Homeland Security Watch

News and analysis of critical issues in homeland security

May 27, 2011

Risk to — and caused by — the cornucopia

Filed under: Preparedness and Response — by Philip J. Palin on May 27, 2011

Graphic provided by The Weather Channel

In the aftermath of Tuscaloosa and Joplin — and recognizing May and June are the peak months for tornados — we have particular cause to consider our preparedness and response policy.

The epic, if reasonably well-controlled,  Mississippi flooding is also part of the policy/strategy landscape. According to the Washington Post, “Since 2005, (FEMA) has borrowed $17.75 billion from the U.S. Treasury to pay flood insurance claims, mostly for victims of hurricanes Katrina and Rita. It is unlikely to repay the debt…”

The Government Accountability Office has found,

Congressional action is needed to increase the financial stability of NFIP and limit taxpayer exposure. GAO previously identified four public policy goals that can provide a framework for crafting or evaluating proposals to reform NFIP. These goals are: (1) charging premium rates that fully reflect risks, (2) limiting costs to taxpayers before and after a disaster, (3) encouraging broad participation in the program, and (4) encouraging private markets to provide flood insurance.

Faced with extraordinary consequences and costs in Alabama, Missouri, along the lower Mississippi and elsewhere, on Tuesday the House Appropriations Committee approved $1 billion in additional disaster relief. If approved by the full Congress, FEMA will use the money through the end of September.

The Congressional Research Service has offered,

Some believe that the Stafford Act is appropriate for natural disasters of limited scope, but suggest that Congress should consider creating a “catastrophic tier” to address events of great magnitude. Such a tier, some have postulated, could include automatic cost-share adjustments and regulatory waivers. Should Congress establish the boundaries of aid in a catastrophic declaration or should this be left to the President’s discretion? Will the National Disaster Recovery Framework address these issues?

With exquisite (excruciating?) care the same CRS report notes, “While some point to what they consider FEMA’s limited role in the post-disaster environment, others note the huge investment FEMA’s programs make.”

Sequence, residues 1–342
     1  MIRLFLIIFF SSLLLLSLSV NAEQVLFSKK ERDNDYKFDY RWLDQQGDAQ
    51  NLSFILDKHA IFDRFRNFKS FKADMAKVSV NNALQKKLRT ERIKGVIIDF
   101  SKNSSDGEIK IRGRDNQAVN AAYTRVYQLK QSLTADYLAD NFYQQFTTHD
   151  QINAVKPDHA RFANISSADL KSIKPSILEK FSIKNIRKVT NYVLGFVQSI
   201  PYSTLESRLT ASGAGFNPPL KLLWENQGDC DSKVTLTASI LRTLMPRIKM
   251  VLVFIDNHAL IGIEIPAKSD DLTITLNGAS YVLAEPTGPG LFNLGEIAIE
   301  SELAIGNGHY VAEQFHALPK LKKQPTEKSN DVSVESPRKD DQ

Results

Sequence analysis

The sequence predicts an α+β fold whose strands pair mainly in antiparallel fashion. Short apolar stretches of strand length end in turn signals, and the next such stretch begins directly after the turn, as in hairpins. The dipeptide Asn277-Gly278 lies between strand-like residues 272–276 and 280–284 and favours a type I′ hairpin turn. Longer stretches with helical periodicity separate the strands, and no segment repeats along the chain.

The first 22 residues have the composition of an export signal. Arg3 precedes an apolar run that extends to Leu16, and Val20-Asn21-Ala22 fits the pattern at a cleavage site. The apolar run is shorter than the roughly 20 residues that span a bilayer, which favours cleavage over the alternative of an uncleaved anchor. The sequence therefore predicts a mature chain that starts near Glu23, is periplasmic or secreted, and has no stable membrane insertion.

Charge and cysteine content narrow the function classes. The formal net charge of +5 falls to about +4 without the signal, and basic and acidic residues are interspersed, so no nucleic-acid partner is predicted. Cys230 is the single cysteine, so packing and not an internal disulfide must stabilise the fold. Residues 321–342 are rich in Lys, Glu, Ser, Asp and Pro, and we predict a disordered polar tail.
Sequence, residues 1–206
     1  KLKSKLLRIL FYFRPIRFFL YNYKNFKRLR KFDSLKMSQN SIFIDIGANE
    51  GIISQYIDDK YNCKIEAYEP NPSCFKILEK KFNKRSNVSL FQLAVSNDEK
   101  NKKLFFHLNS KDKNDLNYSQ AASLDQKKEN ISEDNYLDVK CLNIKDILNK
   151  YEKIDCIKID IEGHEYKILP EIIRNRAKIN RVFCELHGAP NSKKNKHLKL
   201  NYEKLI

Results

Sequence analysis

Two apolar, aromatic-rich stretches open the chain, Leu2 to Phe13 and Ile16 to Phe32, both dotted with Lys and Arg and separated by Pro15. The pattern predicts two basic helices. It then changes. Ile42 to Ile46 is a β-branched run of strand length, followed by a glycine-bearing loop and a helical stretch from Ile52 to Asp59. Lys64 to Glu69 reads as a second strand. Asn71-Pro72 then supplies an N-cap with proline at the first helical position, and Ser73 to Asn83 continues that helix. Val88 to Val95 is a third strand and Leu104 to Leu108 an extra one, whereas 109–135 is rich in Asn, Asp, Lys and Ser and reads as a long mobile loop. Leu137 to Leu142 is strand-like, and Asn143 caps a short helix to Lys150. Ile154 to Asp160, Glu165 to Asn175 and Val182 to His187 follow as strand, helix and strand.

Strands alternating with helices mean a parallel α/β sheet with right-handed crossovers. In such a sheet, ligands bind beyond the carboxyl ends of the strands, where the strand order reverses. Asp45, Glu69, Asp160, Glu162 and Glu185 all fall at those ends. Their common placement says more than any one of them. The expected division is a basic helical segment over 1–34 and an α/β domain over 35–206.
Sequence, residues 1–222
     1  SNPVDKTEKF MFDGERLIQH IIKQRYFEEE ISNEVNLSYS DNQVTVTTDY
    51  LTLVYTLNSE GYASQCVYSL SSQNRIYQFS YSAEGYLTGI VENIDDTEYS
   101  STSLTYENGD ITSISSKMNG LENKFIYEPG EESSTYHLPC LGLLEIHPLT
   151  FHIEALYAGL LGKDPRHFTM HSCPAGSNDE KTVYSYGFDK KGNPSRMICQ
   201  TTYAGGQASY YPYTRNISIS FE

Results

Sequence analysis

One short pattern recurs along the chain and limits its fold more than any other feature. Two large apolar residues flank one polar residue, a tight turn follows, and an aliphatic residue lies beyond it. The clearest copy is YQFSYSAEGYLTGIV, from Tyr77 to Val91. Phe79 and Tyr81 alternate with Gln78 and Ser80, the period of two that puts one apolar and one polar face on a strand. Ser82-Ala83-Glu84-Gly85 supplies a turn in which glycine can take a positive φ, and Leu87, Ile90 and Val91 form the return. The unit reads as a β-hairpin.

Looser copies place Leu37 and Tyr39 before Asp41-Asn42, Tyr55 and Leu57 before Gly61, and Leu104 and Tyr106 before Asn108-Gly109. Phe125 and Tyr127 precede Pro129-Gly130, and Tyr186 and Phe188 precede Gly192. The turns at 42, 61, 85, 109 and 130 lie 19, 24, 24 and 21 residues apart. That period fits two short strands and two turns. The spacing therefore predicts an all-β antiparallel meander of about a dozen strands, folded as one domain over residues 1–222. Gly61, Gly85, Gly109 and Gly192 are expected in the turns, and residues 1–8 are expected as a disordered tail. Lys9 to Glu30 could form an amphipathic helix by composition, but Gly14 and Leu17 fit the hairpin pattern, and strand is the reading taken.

Hurricane season begins on June 1.  According to the Tropical Prediction Center at Colorado State University,

The 2011 Atlantic hurricane season will have significantly more activity than the average 1950-2000 season.  We estimate that 2011 will have about 9 hurricanes (average is 5.9), 16 named storms (average is 9.6), 80 named storm days (average is 49.1), 35 hurricane days (average is 24.5), 5 major (Category 3-4-5) hurricanes (average is 2.3) and 10 major hurricane days (average is 5.0).  The probability of U.S. major hurricane landfall is estimated to be about 140 percent of the long-period average.  We expect Atlantic basin Net Tropical Cyclone (NTC) activity in 2011 to be approximately 175 percent of the long-term average.

We could easily continue with discussion of private risk transfer for oil spill disasters, recent FEMA action to reject State applications for federal disaster assistance, and the prospects of catastrophic earthquake, wildfire, or nuclear detonation.  Over 100,000 Japanese continue to depend on congregant emergency shelter.  The policy and strategy issues are very real.

In recent weeks hundreds have died.  Tens of thousands have suffered devastating financial loss. The future of communities and entire regions is at risk.  A presidential election  is underway and control of Congress is at stake.  This is also our reality.   It is not a propitious moment to tackle the complicated conundrums of disaster mitigation, preparedness, response, and recovery.  I expect such moments seldom arrive and quickly pass.

The policy/strategy issues we face today are classic.  One of the founding documents of emergency management is Tornado at Worcester by Anthony F.C. Wallace.  This is a 1956 National Academy of Sciences report.  Following is a long quote from near its close.

In disaster operations, when materiel and personnel are pouring out of a cornucopia, deluging the impact area, the results in rescue and rehabilitation are almost inevitably impressive.

This is what happened at Worcester. The impact area was blanketed with protective agencies: hundreds of police, firemen, National Guards, public works people, CD volunteers, and miscellaneous helpers invaded it during the rescue period; hospitals had more blood donors than they could handle; the Red Cross mobilized hundreds of nurses; equipment and supplies of all kinds were funneled into Worcester from all over the northeast, and four hundred twenty -five trailers came from Missouri. While the results of this sort of provision are so good that post-mortem studies have little to criticize except relatively minor matters and little to recommend except more efficient utilization of what was already available, they take for granted the fact that the cornucopia principle’s successful application at Worcester depended on the fortunate (and not at all inevitable) co-existence of two conditions: a complete lack of damage to Worcester’s own protective agencies and to those of any other source of regional aid; and the absence of any competition from anywhere nearer than Ohio for emergency supplies and personnel…